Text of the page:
Collaborative walled gardens

Collaborative platforms are all the rage at the moment – every company wants one, has one, lives and dies by one. Cisco’s CEO John Chambers blogs, Michael Dell is on Twitter, Microsoft is selling Sharepoint by the truckload (well, figuratively speaking) and every software company in the world is busy putting 2.0 behind their offering, from backup to presentations.

I am worrying that all these platforms will lead to less collaboration, not more.

First, a personal observation: I am what Malone and Rockart in 1991 termed an intellectual mercenary. That is, I think of myself as a company of one, working for many organizations, but I am never member of only one community, and never, for a number of reasons, a full member of one. Sure, I have been on the faculty of the same business school since 1996 and had relationships with more or less the same set of people in the consulting world since 1994, and currently I am in year three of what I hope will be an 8 year research project on information access technologies. But that doesn’t change the fact that I am not a full member, at least not technically speaking, of any one of them.

My base job, as an academic, has a technical infrastructure geared towards a physical presence at the campus (at least on a regular basis) and a lack of visibility outside campus. The school has an outdated infrastructure, but since most of the faculty thinks this is just fine, since it works, few things change. So I have to have my own web site and email to project a less antiquated face for the rest of the world. Fine. Then I work with two companies (one mostly in the States and one mostly in Norway) on various projects. In case of their technical infrastructure, it is more modern, but tightly integrated around a different platform than what my main place of work is using.

The interesting thing, of course, is that as long as communication took place via email and collaboration was done sending Word documents around, everything was hunky dory – I could use whatever I wanted. Now each collaboration partner has their own collaborative platform, with integrated calendaring, Twittering, email, directories and Turing knows what else – and I find myself fighting new user interfaces every time I need to do something.

Software evolves from application to platform to standard. The problem is that we do not yet have standards for collaborative activities, only for the end results of those activities: Reports, teleconferences, single emails, and presentations. If you want integration, you have to belong to one organization, and that organization only. Which is fine for most people, but not for those of us who wants to contain multitudes, and do.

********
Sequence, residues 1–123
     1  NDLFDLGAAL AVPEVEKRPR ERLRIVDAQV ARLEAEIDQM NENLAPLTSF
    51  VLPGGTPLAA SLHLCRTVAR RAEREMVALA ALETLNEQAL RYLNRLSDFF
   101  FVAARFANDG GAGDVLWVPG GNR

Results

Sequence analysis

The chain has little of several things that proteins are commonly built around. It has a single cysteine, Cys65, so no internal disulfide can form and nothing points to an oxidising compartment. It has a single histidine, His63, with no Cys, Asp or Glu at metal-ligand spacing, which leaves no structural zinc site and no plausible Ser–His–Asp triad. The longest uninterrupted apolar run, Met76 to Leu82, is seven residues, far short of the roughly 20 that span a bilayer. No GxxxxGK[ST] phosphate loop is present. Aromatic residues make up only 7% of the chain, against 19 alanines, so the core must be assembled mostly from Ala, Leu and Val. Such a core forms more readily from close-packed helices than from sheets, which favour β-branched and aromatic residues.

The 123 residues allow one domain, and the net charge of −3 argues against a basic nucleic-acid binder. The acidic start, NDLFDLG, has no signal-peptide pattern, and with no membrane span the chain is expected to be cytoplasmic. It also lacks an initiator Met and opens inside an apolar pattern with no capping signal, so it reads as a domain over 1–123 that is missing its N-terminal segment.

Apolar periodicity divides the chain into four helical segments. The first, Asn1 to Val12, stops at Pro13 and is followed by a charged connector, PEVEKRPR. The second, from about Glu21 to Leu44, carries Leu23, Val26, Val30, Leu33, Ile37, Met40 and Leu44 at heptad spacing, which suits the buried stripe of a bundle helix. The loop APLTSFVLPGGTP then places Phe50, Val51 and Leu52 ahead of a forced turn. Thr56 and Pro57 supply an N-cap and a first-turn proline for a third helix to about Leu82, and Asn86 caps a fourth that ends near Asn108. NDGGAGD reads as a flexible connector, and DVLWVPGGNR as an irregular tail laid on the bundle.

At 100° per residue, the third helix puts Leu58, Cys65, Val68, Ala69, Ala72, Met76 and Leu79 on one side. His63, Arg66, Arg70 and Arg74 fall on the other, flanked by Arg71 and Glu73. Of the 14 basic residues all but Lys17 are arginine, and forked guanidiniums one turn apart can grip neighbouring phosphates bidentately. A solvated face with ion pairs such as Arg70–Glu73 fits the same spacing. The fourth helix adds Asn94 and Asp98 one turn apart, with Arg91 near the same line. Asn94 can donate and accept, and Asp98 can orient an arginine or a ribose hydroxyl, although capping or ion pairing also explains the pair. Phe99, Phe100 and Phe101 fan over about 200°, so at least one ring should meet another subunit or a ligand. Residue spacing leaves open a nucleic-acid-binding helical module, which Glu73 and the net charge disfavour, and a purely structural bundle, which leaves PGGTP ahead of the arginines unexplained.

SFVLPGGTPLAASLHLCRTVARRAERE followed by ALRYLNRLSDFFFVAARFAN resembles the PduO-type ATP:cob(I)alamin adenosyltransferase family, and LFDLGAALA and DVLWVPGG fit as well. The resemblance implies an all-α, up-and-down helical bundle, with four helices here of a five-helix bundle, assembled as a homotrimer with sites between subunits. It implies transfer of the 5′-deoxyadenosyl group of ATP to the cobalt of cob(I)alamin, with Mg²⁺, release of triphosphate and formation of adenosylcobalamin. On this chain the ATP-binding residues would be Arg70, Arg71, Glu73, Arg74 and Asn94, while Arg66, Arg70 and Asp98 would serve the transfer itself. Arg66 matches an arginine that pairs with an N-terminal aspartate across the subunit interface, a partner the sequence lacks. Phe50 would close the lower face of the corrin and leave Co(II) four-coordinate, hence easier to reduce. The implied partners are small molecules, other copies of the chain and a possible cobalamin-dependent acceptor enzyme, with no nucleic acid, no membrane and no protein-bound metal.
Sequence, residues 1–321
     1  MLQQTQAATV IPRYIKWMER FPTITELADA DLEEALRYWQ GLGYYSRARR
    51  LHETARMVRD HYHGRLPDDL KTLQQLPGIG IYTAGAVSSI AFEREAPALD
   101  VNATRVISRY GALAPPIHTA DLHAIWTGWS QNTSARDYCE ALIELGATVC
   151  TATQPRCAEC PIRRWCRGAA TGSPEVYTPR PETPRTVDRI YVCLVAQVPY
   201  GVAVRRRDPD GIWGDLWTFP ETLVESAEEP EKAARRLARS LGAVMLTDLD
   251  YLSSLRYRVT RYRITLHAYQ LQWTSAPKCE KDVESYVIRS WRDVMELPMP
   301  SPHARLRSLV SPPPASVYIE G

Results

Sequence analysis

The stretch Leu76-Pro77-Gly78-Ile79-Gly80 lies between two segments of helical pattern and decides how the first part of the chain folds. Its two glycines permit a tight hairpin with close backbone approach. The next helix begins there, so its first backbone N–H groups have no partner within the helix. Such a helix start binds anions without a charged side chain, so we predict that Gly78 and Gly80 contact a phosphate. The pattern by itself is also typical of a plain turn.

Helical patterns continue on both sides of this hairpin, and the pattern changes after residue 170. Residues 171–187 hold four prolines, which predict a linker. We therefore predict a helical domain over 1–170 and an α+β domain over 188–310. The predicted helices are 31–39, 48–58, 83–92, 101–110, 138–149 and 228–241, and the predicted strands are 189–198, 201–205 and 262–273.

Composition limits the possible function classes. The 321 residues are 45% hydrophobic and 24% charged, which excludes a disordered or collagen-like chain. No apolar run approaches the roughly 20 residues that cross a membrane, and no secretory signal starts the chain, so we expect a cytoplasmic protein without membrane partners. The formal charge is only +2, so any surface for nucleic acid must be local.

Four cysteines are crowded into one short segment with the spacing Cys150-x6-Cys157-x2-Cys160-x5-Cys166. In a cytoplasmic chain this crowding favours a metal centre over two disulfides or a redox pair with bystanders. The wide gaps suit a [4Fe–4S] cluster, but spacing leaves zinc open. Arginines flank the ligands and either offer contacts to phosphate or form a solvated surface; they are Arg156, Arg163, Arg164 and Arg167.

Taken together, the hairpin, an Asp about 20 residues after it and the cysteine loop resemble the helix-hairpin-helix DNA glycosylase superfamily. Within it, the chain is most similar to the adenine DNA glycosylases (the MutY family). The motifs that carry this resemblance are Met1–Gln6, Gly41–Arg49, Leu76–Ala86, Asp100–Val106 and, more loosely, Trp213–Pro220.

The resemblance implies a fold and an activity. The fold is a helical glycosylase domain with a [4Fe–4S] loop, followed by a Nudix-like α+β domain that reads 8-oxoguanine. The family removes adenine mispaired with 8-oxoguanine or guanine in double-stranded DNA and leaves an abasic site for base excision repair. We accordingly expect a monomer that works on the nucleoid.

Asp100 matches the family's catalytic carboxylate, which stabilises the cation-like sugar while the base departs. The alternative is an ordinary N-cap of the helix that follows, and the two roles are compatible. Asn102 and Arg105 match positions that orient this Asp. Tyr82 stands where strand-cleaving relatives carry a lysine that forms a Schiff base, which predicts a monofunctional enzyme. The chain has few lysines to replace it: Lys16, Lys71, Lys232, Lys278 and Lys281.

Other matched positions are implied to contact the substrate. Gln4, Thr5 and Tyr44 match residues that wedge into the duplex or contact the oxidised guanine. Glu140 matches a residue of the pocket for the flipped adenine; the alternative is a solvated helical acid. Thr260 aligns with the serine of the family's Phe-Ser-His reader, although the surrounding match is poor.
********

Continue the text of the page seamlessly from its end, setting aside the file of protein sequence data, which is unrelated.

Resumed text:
At the current state of collaborative software, it strengthens intra-organizational collaboration but weakens inter-organizational collaboration. We are back to the days when some companies used Wordperfect and some Word, and everyone fiddled with translations between them. Now we have to find ways to maintain a personal creative space (in my case, Evernote, Word, and Windows Live Writer) while injecting and extracting the results from various collaborative platforms. I find myself yearning for something that will maintain my collaborative activities in much the same way Live Writer (along with Live Sync, the best product Microsoft has come up with in a decade) allows me to suck down and load up posts to my various blogs. (A bonus would be if you could update the various Wikipedia articles you care about as well, but I digress).

An alternative is a shared platform, such as Google Docs, but again, that forces you to work in a different interface (though it is very similar to Word), does not bring the work inside your own space (where you are reminded about doing it) and forces everyone else to move out of their space. What we need here is some serious standard work in XML, and a recognition by the platform providers that a substantial amount of collaboration (and, I suspect, much of the innovation) comes from those that jump between platforms.

So, here is my message to the collaborative platform vendors: Tear down the walls before you have erected them! Do it by offering APIs or facilitating cross-platform synchronization. While we are at it, some software company with a stake in keeping their operating systems dominance should probably take me up on creating a cross-platform personal collaboration client.

I want my PCC revolution now!

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